If you’ve ever tried it yourself, you’ll understand. It can frequently be a traumatic experience, and one that feels much harder than it should.
Creating high quality, unique content from scratch – articles that punch through the noise, offer true insight and elevate your brand – is a tough task. Idea generation, research, structure, drafting, visuals, distribution; every stage is laden with risks, pitfalls and opportunities to get things very wrong indeed. Or, at least (or could that be ‘even worse’) you publish a piece that is, well, a bit on the ordinary side. Bang average. Run-of-the-mill. Two a penny.
The internet is awash with near-infinite reams of content, churned out around the clock, minute by minute. Some of it is excellent; much of it is passable. The vast majority is pure filler and does little to imbue brands with any added value or improved perception. This is both the beauty of content; the opportunity to set yourself apart and deliver genuinely positive brand experiences, and the challenge: what is it that you put out there into the big wide world which breaks new ground and reflects the true personality of your organisation?
Thankfully, the beady-eyed amongst us at Ewe HQ have been tracking a few notable players in the online space and spotted a growing development in content which fits the bill exactly. The approach in question is at once unavoidably unique, an honest representation of the businesses we looked at and, most importantly of all, gives their respective audiences more reasons to engage deeper with their brands in a non-transactional way.
There’s no technical term or new-fangled industry buzzword for this, at least to our knowledge, but for the purposes of analysis we shall call it (not-so-snappily) as follows: ‘User Data-Led Content’. Using key internal insights, informational trends and good old fashioned data analysis, these brands have been able to publish series of one-off content that could only ever come from them.
This particular breed of article perhaps represents the holy grail of content marketing when it comes to brand engagement and development. Thanks to the data’s origin, it comes complete with a proprietary watermark of sorts and inherently carries a healthy dose of brand DNA. Here are the organisations in question, the ‘UD-LC’ they have published and why it alleviates much of the problematic process of content creation.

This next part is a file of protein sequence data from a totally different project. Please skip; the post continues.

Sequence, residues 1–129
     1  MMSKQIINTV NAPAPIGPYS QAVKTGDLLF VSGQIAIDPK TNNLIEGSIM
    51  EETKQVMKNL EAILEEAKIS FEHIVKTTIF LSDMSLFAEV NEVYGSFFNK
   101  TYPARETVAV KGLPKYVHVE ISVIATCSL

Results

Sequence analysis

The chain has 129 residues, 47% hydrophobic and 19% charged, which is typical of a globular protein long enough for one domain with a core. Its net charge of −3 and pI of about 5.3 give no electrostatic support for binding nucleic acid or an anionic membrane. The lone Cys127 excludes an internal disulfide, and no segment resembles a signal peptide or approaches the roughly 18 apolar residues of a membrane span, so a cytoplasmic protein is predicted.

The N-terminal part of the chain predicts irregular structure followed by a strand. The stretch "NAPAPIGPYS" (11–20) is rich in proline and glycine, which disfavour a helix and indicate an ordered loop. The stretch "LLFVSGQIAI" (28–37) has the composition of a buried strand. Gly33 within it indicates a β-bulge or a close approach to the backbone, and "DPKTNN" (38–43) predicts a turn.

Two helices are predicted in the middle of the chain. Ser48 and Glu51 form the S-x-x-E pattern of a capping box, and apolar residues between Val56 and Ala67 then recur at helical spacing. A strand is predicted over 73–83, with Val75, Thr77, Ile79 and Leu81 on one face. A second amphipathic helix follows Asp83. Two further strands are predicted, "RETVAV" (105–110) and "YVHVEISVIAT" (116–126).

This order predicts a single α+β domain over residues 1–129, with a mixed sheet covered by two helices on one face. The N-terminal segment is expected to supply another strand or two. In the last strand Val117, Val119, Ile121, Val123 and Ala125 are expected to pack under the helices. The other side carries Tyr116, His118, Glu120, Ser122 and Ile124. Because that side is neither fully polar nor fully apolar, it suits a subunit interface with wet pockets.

Potentially identifiable as the company that spearheaded this new approach to marketing in general, the music streaming service started to look inwards for inspiration, at its oceans of user data on both widespread listening habits and individual instances. Originating with a study of listening statistics across 40 American universities back in 2014, it put insights that may previously have been reserved for platform development and traditional marketing centre stage, creating something unique and fascinating in the process.
The report returned bolder and brighter in 2017 with an even more intricate, interactive range of data points; categories such as ‘Danceability’ and ‘Thumpiness’ plotted against other universities, along with rankings for listening volume and diversity.
Fast forward to present day and their Insights subdomain is more comprehensive and resultingly categorised into:
With such an intuitive interface, comprehensive database of tracks and accessible pricing for premium, not to mention its wider ‘Discover Weekly’ suggested playlists and artist fan groups, Spotify has made it very easy for users to integrate it within their daily lives and reflect their transient moods, life occasions and developing tastes in their musical selections.
What this extensive range of deep-dive articles achieves is to both position the brand as an authoritative voice on music streaming habits and the wider digital audio industry, and reinforce its key selling point of ‘the right music at the right time.’ Through such powerful analytical – yet engaging – content around the otherwise mundane activity of listening to our favourite artists online, they equip themselves with not only new ways of cementing their perception as a market leader but, even more interestingly, a starting point for novel angles on their wider marketing campaigns.
The popular fitness app has pushed through the competitive noise to fast become the go-to platform for professionals and enthusiasts alike for cycling, running and general exercise activity. It has gradually reshaped its central theme around offering a social media community that promotes inclusion, support and real life endeavours, deliberately spurning the overly preened and processed style which dominates the likes of Instagram and Pinterest in favour of pushing ‘anti-curation’ and hashtags like #athletesunfiltered.